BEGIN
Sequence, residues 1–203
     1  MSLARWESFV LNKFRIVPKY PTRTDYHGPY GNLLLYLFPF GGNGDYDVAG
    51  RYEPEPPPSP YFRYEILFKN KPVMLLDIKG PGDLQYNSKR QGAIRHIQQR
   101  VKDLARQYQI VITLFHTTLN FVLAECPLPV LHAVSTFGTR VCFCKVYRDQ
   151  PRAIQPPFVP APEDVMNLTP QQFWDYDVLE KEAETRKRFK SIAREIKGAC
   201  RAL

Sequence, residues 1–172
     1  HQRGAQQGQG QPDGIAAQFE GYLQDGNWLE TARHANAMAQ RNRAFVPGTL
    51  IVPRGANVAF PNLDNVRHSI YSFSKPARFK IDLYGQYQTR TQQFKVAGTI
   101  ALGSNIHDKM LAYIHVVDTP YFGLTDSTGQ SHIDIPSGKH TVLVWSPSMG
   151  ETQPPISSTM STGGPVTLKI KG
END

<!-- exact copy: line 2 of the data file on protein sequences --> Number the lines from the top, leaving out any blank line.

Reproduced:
     1  MSLARWESFV LNKFRIVPKY PTRTDYHGPY GNLLLYLFPF GGNGDYDVAG